Besides generating harmonies based on a program's user-programmed or preset parameters, the VHM5 can also use a MIDI input (from, say, a keyboard) to change those parameters in real time, and thereby offer realtime control over harmonies; in the chordal mode it will select a chord (if you played C-E-G, the VHM5 would select C maj) and in the scalic mode it will select a key (you play C-E-Ab, the VHM5 selects a wholetone scale in C; C-G-Bb gives Blues in C, and so on). Using the unit whilst accompanying yourself on the keyboard is pure magic, but once you've got over the shock you should note that if you try to play an actual accompaniment, rather than block chords for the VHM5 to follow, you're likely to produce some rather strange harmonies; the inadvertent 7th, for example!

There's lots more you can do with MIDI besides this. You can of course select a program via MIDI program changes, or select the various options within a program (scalic or chordal harmony modes, for example) by using program changes or MIDI notes. Continuous controllers can be used to control certain parameters, such as vibrato depth and harmony volume. This would be really useful in a live situation, where you could use the modulation wheel on your keyboard to control the volume of the harmonies and fade them in gently at certain points in a song.


On the subject of live use, Song Mode offers the facility to record all the harmony changes within a song, and then step through them change by change, within a single program. This needs a fair amount of planning however, but since you can also use a footswitch to change programs, as well as step through the changes in the song, you have a lot of freedom to create varied and natural sounding harmonies.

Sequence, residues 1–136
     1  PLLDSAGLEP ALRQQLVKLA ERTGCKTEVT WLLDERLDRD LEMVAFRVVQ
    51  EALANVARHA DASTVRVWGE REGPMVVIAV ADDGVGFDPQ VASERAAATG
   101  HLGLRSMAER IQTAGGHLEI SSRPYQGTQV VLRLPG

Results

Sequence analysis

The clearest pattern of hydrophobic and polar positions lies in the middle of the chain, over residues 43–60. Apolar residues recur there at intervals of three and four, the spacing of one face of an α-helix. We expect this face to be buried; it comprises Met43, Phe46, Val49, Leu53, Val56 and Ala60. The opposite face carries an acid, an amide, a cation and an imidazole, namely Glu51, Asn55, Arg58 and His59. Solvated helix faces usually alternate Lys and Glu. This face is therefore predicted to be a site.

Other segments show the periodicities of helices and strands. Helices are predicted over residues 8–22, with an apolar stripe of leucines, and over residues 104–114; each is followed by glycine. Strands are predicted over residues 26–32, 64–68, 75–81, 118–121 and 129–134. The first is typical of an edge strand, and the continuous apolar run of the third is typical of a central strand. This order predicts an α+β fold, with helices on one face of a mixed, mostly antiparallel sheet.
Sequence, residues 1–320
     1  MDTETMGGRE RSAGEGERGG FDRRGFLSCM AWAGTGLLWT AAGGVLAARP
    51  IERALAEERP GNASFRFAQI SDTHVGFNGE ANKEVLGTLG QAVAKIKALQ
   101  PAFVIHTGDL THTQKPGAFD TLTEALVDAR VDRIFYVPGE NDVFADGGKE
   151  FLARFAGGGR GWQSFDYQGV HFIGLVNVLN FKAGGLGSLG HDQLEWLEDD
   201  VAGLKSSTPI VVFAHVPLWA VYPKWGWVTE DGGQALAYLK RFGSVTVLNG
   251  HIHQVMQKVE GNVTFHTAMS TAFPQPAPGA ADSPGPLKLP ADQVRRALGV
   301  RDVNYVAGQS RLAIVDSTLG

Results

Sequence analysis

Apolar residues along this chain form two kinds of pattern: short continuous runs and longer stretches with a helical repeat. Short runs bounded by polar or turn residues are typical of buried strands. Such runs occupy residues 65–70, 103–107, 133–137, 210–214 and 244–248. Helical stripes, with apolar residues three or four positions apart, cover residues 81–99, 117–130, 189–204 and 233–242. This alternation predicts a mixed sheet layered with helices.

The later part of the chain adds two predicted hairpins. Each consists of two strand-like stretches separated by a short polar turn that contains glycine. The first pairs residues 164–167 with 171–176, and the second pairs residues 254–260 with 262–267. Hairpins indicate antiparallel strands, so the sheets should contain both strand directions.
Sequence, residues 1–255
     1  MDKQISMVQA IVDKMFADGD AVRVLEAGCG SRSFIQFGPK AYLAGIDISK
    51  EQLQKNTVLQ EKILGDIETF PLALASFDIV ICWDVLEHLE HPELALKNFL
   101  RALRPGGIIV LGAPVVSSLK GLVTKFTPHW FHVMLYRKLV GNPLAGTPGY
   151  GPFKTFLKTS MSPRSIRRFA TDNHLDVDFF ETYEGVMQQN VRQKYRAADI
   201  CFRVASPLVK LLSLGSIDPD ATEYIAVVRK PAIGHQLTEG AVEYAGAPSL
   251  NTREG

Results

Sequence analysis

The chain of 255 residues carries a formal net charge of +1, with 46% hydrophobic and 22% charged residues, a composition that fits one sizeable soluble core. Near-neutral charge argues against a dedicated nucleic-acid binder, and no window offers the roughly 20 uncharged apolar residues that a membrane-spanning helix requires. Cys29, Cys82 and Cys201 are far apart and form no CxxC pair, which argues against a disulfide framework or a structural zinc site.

There are other ways to use the Vocalist besides a simple (?) harmony generator; some where realism is not the desired effect. One of these is Vocoder mode, where the harmony notes do not begin until they are played either on the built in keyboard or via MIDI. The built in keyboard can also be used to generate cue-in tones, and to facilitate harmony programming. Another option is pitch correction, a monophonic mode which generates a 'replacement' for the input voice, doing for out-of-tune vocals what quantisation does for sloppy playing — you sing a note, and the Vocalist will correct it to the nearest correctly-tuned semitone. I have to admit to not liking this function particularly, as the replacement voice sounded rather unreal. The Special Effects are precisely that; interesting but, I think, of limited use.